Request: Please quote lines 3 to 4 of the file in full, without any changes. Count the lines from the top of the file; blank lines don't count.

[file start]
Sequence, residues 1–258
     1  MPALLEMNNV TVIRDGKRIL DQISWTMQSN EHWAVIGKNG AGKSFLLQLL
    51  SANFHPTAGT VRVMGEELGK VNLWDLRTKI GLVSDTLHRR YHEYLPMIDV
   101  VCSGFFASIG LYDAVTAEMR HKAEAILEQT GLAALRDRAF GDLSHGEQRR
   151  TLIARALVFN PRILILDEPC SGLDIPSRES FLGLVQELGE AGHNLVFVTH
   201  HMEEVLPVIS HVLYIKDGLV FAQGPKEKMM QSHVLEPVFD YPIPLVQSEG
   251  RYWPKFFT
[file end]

    51  SANFHPTAGT VRVMGEELGK VNLWDLRTKI GLVSDTLHRR YHEYLPMIDV
   101  VCSGFFASIG LYDAVTAEMR HKAEAILEQT GLAALRDRAF GDLSHGEQRR